Wal-Mart has threatened to cancel plans to build as many as 20 new Chicago stores over the next five years if retailers are required to pay employees at least $10 an hour by July 1, 2010...
Ald. Carrie Austin (34th) said a Target pull-out would be devastating to the 32-acre shopping mall at 119th and Marshfield that developers had hoped to build, with help from a $23 million city subsidy. Home Depot would likely follow Target out the door. As many as 1,000 jobs would be lost, Austin said.
Referring to the anti-Wal-Mart movement that gave birth to the big-box ordinance, Austin said, “If you want to bully up on Wal-Mart, you’ve got to bring in the other ones and, damned if you do on them. If they suffer from it, too bad. If you want to control Wal-Mart, you should go about that a different way...”
Hairston called it little more than a scare tactic. And even if the threat turns out to be real, she’s standing firm in support of organized labor.
“Wal-Mart and Target could pay their people a living wage. Then, we wouldn’t have this problem and people could actually live on the money they made,” Hairston said.
“My position is my position. They’ll do what they have to do. I’ll do what I have to do. If they want to lose the more than $3 billion that is not being captured in my ward, that’s a bad business decision for them.”
Brookins said Wal-Mart executives have told him they may take the lead of the many riverboat casinos that ring Chicago and run free shuttle buses to their suburban stores if the big box ordinance passes.
Why would a city want to run big businesses out of its borders? Wal*Mart is already building in Chicago's suburbs because of the unfriendly climate in Chicago proper, and now that climate will attack other big box stores.
Why doesn't Chicago's government just admit that they don't want successful businesses, along with the tax revenue and jobs they provide, in their city? Why not just admit that these companies are a necessary evil that should be taxed and regulated to pay for more political patronage?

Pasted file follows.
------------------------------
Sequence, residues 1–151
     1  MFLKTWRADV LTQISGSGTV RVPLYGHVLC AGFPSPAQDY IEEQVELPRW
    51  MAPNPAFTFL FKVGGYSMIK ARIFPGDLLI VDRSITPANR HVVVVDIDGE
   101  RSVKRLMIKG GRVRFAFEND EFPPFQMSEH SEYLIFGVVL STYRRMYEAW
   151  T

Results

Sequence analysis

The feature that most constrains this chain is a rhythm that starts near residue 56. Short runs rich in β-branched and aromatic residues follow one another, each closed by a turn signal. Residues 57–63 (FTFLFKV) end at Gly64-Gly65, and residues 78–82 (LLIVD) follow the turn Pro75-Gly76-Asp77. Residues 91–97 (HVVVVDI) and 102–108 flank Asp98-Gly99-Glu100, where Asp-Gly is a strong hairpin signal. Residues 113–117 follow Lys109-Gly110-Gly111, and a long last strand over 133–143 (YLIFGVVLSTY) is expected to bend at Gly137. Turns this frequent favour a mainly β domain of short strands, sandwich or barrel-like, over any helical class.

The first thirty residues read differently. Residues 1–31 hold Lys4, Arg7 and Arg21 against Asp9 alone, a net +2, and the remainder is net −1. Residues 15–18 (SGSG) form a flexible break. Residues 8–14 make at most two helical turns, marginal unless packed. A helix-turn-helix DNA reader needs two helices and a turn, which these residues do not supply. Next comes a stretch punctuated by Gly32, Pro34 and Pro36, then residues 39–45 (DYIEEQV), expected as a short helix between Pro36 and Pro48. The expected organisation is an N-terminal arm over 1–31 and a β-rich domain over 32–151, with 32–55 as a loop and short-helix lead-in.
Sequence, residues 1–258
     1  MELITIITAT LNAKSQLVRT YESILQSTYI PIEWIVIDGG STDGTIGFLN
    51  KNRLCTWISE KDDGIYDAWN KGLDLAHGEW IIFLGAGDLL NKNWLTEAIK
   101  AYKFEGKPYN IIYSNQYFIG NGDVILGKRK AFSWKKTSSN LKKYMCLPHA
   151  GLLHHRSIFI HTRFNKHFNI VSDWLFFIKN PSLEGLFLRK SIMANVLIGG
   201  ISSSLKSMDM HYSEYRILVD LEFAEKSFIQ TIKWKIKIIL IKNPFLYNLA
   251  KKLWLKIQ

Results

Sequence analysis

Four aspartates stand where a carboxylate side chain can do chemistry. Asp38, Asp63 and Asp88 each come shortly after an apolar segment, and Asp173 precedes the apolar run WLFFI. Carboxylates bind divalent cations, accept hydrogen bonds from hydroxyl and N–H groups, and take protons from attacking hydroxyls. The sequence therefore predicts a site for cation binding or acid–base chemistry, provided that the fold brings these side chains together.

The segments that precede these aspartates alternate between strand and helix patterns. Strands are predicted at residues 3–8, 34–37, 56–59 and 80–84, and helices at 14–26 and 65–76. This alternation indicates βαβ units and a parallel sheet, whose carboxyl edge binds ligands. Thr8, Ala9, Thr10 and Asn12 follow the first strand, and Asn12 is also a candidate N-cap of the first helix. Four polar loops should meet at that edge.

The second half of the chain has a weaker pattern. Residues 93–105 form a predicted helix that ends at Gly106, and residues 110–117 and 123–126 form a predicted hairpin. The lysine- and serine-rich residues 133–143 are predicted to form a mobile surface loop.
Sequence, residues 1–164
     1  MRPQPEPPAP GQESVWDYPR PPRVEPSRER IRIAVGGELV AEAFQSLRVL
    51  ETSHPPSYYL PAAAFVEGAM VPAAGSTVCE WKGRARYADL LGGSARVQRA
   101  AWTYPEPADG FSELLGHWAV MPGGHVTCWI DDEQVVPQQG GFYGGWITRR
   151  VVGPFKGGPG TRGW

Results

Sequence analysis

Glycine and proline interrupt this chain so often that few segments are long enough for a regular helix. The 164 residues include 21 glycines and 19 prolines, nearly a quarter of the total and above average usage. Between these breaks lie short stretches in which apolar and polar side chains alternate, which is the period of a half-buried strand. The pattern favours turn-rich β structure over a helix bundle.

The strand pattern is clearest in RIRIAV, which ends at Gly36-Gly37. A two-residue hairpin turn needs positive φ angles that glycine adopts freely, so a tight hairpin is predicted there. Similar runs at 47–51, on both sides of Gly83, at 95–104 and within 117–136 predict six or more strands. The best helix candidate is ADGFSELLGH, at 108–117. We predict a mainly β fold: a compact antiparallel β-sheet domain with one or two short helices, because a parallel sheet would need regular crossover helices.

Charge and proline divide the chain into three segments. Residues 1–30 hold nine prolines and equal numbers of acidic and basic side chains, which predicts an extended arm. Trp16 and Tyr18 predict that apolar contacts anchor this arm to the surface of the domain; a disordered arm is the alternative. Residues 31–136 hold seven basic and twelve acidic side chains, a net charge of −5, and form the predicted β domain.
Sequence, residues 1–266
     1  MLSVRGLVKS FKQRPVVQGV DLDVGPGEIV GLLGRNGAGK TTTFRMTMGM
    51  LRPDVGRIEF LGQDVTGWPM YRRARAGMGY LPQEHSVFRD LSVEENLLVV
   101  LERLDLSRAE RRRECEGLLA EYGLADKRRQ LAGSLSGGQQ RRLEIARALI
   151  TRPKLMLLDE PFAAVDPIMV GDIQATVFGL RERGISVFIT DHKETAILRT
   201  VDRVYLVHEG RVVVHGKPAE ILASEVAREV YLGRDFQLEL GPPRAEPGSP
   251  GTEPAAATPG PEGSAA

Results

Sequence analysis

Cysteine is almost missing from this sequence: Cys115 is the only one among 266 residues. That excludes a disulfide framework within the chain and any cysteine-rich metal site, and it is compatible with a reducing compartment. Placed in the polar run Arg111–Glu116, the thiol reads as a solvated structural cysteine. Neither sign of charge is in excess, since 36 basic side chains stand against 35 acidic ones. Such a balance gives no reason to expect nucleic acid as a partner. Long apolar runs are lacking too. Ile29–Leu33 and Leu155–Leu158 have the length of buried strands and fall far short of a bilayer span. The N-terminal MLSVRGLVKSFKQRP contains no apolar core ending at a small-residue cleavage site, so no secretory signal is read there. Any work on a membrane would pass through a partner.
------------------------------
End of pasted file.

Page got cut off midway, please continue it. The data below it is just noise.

Update, 7/21/06: It seems that not everyone in Chicago is against Wal*Mart.
Thursday, July 13, 2006
I was just reading this post about two different reactions to student free speech. The Independent Gay Forum is by and about gays but is not the typical leftist gay tripe; in other words, I've found interesting and intellectually challenging posts there, and the linked post is one of them.
That post started off with the Tinker case, decided by the US Supreme Court in 1969, which ruled that wearing a black armband to school to protest the Vietnam War was "symbolic speech" and hence could not be prohibited under the 1st Amendment. How does one identify the dividing line between symbolic speech and outright action? How can real speech be limited in certain situations (reasonable time/place/manner restrictions, yelling "fire!" in a croweded theater), but so-called symbolic speech cannot have the same reasonable time/place/manner restrictions? I'm left to wonder if the Supremes weren't smoking some of that good Nevada County sins when they crafted that debacle of a decision.
The linked article then shows two very different responses to free speech at school:
This bit of history is relevant because the Ninth Circuit now must decide whether a California sophomore named Tyler Chase Harper was unfairly sent home from his high school for wearing a t-shirt saying "Homosexuality is shameful." The overt sloganeering is certain uncivil, but is it also political speech protected by liberal jurisprudence? If so, then opponents of the t-shirt must prove it is a form of harassment that keeps gay students from learning in order to have it banned.
Meanwhile, here's another public school culture-war skirmish. At Howell High School in Michigan, when the Diversity Club hung a rainbow flag in a hallway, it was allowed to remain despite a petition by Christian conservatives. That prompted these students to create a Traditional Values Club and produce their own flag. Now, faculty members have voted that both flags should be displayed only in classrooms during club meetings.
It's unfortunate that the comments are not as stimulating as the post itself.